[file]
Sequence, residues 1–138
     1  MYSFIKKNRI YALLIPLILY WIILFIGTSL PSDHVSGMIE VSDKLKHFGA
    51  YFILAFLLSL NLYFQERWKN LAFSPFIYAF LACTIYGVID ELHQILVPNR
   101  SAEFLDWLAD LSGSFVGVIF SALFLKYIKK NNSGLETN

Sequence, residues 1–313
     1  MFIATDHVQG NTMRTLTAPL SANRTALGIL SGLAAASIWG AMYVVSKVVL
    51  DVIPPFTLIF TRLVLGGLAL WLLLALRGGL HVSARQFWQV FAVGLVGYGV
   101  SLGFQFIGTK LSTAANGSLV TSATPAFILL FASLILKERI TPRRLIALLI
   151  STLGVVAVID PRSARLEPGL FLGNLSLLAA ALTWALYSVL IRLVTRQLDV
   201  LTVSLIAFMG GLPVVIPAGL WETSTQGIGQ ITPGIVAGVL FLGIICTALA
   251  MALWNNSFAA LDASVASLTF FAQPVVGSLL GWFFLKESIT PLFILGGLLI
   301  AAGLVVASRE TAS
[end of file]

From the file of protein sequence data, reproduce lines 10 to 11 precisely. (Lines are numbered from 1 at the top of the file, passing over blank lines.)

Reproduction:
   201  LTVSLIAFMG GLPVVIPAGL WETSTQGIGQ ITPGIVAGVL FLGIICTALA
   251  MALWNNSFAA LDASVASLTF FAQPVVGSLL GWFFLKESIT PLFILGGLLI